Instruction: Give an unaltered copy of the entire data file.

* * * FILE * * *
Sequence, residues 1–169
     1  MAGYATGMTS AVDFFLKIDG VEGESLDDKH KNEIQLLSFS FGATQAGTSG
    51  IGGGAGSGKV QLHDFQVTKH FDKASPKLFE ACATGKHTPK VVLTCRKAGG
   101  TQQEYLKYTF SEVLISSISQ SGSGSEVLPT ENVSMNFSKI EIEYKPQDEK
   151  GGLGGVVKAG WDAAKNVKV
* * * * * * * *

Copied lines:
Sequence, residues 1–169
     1  MAGYATGMTS AVDFFLKIDG VEGESLDDKH KNEIQLLSFS FGATQAGTSG
    51  IGGGAGSGKV QLHDFQVTKH FDKASPKLFE ACATGKHTPK VVLTCRKAGG
   101  TQQEYLKYTF SEVLISSISQ SGSGSEVLPT ENVSMNFSKI EIEYKPQDEK
   151  GGLGGVVKAG WDAAKNVKV